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Energy-efficient Data Centers In Bordeaux: Strategies For Reducing Operating Costs
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Sustainability Concepts Driving The Data Center Of The Future
Received: 18 October 2021 / Revised: 9 December 2021 / Accepted: 14 December 2021 / Published: 31 January 2022
In this article, we look at the main technological milestones in the field of embedded optical connections in data center systems, which have been achieved between 2014 and 2020 within the framework of major European Union research and development projects. This includes the development of proprietary optically enabled data storage and switching systems and optically enabled data storage and computing subsystems. We review four optically enabled data center system demonstrators: LightningValley, ThunderValley2, Pegasus, and Aurora, which incorporate advanced optical circuits based on polymer waveguides and fibers and proprietary electro-optical connectors. We also report on optically supported subsystems, including Ethernet-connected hard disk drives and microservers. Both are designed with the same pluggable carrier shape and built-in optical transceiver and connector interfaces, enabling both compute and storage nodes to optically switch and interconnect over long distances for the first time. Finally, we present the Nexus platform, which enables the connection of various optically supported data center test systems and subsystems and their comparative characterization in the data center test environment.
Data centers; integrated photonics; silicon photonics; fiber optics; polymer waveguides; packaged optics; high performance computers; optical connections; optical communication
An example of the last decade is the explosive growth in the collection, processing, storage and transfer of digital information. This data explosion has been driven in large part by the widespread adoption of mobile data devices – mainly smartphones and tablets – and is pushing modern information and communication systems beyond their intended limits and towards a debilitating data cliff.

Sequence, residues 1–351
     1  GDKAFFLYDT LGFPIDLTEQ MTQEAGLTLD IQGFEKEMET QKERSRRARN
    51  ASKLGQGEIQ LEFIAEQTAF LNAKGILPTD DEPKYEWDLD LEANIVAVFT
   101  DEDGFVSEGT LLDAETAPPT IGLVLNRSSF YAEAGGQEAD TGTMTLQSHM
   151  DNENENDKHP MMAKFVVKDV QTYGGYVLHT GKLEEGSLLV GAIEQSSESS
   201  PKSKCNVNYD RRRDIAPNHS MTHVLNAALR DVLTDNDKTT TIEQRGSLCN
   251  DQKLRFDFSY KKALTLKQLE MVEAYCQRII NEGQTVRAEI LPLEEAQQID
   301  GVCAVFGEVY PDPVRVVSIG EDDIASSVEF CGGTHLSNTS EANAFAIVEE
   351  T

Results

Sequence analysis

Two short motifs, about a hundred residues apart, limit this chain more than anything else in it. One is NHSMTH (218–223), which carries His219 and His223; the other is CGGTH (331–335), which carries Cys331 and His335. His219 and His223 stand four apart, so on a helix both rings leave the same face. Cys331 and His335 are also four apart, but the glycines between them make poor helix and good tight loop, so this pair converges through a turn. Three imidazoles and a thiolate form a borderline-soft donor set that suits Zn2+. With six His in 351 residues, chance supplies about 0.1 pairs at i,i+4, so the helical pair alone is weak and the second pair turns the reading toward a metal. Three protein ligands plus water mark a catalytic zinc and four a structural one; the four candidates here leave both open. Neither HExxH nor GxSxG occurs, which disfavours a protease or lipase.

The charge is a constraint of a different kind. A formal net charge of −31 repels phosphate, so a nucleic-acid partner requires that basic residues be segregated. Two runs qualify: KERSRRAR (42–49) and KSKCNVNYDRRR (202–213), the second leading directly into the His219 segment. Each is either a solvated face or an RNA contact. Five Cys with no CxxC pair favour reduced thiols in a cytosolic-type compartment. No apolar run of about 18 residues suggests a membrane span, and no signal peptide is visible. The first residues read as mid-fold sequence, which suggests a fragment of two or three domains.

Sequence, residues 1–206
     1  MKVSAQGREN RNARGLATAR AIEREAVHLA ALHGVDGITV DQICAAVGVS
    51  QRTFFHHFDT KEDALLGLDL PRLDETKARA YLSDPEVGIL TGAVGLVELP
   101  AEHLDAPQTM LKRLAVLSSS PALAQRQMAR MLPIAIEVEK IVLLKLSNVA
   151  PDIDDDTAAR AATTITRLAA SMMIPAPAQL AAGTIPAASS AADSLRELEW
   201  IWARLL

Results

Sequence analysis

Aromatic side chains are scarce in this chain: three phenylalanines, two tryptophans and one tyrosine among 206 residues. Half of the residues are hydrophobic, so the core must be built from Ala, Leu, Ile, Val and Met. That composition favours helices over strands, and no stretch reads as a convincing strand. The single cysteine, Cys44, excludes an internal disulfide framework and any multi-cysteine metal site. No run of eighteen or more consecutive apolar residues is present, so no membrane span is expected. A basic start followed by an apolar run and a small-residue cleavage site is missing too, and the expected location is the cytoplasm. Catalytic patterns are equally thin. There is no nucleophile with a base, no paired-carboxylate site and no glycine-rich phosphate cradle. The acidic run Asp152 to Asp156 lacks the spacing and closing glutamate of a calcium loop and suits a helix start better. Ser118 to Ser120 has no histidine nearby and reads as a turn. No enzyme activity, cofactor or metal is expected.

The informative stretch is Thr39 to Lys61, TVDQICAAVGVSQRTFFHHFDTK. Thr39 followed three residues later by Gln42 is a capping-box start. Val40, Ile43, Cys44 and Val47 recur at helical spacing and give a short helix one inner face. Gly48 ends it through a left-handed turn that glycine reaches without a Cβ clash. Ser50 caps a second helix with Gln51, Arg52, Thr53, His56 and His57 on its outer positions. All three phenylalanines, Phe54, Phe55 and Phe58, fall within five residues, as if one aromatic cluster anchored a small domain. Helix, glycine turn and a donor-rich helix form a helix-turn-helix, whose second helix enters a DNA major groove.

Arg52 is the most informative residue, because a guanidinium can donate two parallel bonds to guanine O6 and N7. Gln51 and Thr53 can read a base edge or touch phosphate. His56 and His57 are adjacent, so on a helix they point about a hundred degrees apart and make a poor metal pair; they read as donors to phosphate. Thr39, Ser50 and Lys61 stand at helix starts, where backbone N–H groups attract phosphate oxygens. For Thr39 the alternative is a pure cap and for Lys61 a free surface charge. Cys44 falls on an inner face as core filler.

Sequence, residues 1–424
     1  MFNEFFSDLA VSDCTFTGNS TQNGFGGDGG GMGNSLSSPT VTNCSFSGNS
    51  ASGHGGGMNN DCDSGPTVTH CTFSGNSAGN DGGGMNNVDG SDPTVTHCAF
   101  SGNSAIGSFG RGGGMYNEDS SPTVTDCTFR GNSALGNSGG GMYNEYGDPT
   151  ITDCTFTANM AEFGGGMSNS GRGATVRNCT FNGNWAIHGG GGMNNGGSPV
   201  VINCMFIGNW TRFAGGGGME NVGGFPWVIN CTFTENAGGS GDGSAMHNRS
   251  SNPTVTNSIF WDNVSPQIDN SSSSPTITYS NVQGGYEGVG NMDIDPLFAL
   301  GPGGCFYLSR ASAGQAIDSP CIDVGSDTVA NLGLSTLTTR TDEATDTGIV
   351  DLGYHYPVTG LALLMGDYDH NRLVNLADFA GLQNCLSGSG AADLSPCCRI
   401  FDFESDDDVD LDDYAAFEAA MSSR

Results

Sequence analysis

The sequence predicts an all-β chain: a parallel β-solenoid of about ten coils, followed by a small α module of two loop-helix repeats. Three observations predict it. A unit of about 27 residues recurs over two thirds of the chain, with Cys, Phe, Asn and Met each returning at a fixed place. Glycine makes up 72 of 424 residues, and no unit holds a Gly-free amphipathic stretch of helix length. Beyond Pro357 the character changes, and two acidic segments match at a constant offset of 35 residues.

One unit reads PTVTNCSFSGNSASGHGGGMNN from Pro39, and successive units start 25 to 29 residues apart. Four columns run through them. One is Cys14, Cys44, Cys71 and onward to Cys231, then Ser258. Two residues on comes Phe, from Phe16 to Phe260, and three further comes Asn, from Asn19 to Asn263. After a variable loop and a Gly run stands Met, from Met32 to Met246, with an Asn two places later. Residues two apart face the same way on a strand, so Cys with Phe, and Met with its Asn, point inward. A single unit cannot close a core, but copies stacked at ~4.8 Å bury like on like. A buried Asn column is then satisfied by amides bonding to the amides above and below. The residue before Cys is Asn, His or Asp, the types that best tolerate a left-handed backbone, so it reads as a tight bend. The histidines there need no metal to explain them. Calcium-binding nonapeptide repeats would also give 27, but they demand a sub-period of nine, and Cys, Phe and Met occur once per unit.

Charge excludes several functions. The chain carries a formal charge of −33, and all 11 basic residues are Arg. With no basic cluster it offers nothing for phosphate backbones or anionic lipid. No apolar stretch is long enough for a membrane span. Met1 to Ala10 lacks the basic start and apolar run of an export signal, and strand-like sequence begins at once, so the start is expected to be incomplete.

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With the introduction of smaller portable mobile data devices, a major consequence of larger static computer terminals (PCs), a dramatic shift is now taking place in where customers need to store their information. Although it was sufficient to store data locally (for example, on the user’s local laptop or on the hard drive of a desktop computer), the average size of generated data objects (for example, high-definition images or short videos) has grown to such an extent that the available storage space on mobile devices quickly becomes insufficient for long-term data collection and storage. This has led to the emergence of cloud services, where customers outsource their data storage and increased data processing requirements to very large and secure data centers, typically containing at least 100,000 servers and associated data storage and networking. These “hyperscale” data centers are operated by Internet Content Providers (ICPs) such as Amazon, Google, and Microsoft, and provide the specialized computing, storage, and server equipment necessary to meet the remote and diverse computing and storage requirements of cloud environments. However, to cope with rapidly changing customer demand, the underlying architectures of data centers must evolve, and a critical part of this evolution is the deployment of optical connections at all levels of the data center environment.
Printed circuit boards (PCBs) are at the heart of all modern information and communication technology (ICT) systems. The increase in data rates affects ICT systems such as servers and switches when higher frequency electronic signals are transmitted along the metal channels used in conventional PCBs. As the frequencies of these electronic signals increase, dielectric absorption, skin effect, and other resistive loss mechanisms attenuate them more, while signal reflections, signal biases, and interference from other electronic channels distort their integrity. Additionally, environmental effects of system operation, such as temperature and humidity, cause changes in the printed circuit board substrate, thus altering the carefully balanced properties of the electronic channels. However, many of these limitations can be mitigated to some extent by increasing overall system design and increasing power.